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Living with heart sarcoidosis

Many fans of the late comedian Bernie Mac recognize sarcoidosis as the inflammatory disease of the lungs that took his life. Believed to be caused by a bacterial or viral infection that produces restrictive granules or nodules, sarcoidosis travels from one organ to others, destroying tissue wherever it lands. With heart sarcoidosis, nodules develop in the heart, interfering with its electrical conduction system and causing an abnormal heart beat.

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From the Edmund Pettus Bridge to the Continental Bridge

Remembering the Montgomery-to-Selma March

“I stand on this bridge because of its great symbolism. A bridge is something that connects one side of the road across the river, across difficulties with the other side,” said Rev. Holsey Hickman during a local reenactment of the Selma-to-Montgomery March held on its 50th anniversary, on March 6

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Monday Night Politics forum presents City Council District 4 candidates

Economic development, working with the police department in communities, and working with the mayor and councilmembers to get things accomplished were some of the issues candidates for Dallas City Council District 4 discussed during Monday Night Politics on March 9 at the African American Museum.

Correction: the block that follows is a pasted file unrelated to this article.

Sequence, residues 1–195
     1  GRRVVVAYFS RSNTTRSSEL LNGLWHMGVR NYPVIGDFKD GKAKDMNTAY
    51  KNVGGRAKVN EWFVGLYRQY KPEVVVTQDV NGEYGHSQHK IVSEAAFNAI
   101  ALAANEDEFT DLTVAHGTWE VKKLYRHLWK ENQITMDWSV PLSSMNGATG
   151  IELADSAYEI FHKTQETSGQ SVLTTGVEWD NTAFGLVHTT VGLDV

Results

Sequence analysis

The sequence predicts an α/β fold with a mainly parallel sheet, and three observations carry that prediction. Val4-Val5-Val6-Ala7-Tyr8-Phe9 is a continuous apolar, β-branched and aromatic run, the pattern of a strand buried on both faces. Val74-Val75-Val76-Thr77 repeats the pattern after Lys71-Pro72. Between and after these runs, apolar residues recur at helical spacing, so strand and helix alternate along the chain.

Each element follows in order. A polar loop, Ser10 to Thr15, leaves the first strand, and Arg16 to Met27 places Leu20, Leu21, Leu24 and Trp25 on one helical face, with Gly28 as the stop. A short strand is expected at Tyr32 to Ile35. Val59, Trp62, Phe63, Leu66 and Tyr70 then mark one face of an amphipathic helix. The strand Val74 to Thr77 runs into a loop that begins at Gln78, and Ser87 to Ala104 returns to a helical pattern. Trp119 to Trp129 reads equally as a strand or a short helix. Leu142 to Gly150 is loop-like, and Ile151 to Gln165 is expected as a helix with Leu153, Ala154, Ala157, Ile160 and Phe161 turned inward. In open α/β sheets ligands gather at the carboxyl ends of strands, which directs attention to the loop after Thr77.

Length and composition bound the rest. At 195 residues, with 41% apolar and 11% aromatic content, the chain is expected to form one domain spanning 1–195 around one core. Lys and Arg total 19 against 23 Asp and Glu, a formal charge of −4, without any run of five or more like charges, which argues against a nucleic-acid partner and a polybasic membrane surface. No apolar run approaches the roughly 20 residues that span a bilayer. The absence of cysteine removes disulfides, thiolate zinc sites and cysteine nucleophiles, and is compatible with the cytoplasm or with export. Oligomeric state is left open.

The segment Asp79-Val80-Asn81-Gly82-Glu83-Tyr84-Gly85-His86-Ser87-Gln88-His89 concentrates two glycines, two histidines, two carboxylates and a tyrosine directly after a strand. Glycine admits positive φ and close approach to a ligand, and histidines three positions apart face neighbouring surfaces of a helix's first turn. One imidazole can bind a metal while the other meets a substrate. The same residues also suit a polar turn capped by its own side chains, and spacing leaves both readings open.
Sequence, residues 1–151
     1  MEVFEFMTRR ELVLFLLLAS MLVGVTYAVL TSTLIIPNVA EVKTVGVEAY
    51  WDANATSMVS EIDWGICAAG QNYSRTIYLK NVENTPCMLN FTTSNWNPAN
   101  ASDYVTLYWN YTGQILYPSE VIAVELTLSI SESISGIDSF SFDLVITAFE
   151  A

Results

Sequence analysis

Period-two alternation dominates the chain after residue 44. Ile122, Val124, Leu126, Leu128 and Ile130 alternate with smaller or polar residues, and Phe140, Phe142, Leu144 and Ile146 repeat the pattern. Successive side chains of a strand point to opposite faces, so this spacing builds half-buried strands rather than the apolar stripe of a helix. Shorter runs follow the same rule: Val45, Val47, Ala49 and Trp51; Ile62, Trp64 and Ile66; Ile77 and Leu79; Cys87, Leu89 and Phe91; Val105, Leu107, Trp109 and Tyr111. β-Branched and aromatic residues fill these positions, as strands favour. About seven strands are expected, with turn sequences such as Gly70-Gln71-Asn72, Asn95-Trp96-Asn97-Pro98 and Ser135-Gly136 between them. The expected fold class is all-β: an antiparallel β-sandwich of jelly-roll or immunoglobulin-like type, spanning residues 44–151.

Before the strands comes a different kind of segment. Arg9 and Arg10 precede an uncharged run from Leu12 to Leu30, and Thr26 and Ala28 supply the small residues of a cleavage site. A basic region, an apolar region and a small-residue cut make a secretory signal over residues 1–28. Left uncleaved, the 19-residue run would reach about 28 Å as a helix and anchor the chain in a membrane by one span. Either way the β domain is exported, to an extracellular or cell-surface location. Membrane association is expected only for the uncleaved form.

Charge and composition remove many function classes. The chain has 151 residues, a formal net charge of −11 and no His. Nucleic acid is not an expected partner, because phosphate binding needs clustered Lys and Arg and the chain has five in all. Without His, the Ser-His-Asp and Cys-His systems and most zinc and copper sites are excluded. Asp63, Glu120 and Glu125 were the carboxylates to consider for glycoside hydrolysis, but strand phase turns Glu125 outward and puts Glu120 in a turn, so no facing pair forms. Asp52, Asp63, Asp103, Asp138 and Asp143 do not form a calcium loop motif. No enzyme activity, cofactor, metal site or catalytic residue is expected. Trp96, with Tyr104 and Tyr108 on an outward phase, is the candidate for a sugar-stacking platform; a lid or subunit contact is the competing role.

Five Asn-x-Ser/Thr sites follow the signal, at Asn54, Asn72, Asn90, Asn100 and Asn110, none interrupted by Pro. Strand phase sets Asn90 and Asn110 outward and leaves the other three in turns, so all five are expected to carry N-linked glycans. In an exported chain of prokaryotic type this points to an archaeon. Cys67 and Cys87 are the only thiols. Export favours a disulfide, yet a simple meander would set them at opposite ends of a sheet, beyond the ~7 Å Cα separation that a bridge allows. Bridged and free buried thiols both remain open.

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Jacqueline Woodson: Brown Girl Dreaming

Jacqueline Woodson stood on the Horchow Auditorium stage inside the Dallas Museum of Art and asked “So, where do I begin?” The writer appeared at the Feb. 22 event Jacqueline Woodson: Dreams Come True in support of her latest book of poetry, Brown Girl Dreaming. The presentation was part of the ongoing DMA Arts & Letters Live program.

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S.M. Wright Project Phase II under review

The city of Dallas and Texas Department of Transportation are working to construct freeway-to-freeway roadway ramps that link Julius Schepps Freeway along Interstate Highway 45 and CF Hawn Freeway along U.S. Highway 175 and convert S.M. Wright Freeway along US 175 to a low-speed arterial roadway. TxDOT officials have stated that the purpose of this project is to improve mobility and safety of the travelers in this area.